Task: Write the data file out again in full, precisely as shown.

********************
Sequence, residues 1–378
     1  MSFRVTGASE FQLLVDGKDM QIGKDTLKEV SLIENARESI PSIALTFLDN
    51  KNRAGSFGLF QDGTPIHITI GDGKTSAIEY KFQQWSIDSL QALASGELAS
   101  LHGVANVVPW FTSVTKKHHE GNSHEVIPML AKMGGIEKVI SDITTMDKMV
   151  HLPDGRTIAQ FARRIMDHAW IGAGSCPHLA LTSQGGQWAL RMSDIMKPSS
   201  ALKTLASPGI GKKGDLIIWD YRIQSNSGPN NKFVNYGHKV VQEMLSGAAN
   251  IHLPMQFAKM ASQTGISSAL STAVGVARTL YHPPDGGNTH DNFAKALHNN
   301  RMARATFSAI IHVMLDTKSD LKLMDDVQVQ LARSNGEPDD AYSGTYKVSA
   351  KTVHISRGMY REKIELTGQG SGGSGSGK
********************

Sequence, residues 1–378
     1  MSFRVTGASE FQLLVDGKDM QIGKDTLKEV SLIENARESI PSIALTFLDN
    51  KNRAGSFGLF QDGTPIHITI GDGKTSAIEY KFQQWSIDSL QALASGELAS
   101  LHGVANVVPW FTSVTKKHHE GNSHEVIPML AKMGGIEKVI SDITTMDKMV
   151  HLPDGRTIAQ FARRIMDHAW IGAGSCPHLA LTSQGGQWAL RMSDIMKPSS
   201  ALKTLASPGI GKKGDLIIWD YRIQSNSGPN NKFVNYGHKV VQEMLSGAAN
   251  IHLPMQFAKM ASQTGISSAL STAVGVARTL YHPPDGGNTH DNFAKALHNN
   301  RMARATFSAI IHVMLDTKSD LKLMDDVQVQ LARSNGEPDD AYSGTYKVSA
   351  KTVHISRGMY REKIELTGQG SGGSGSGK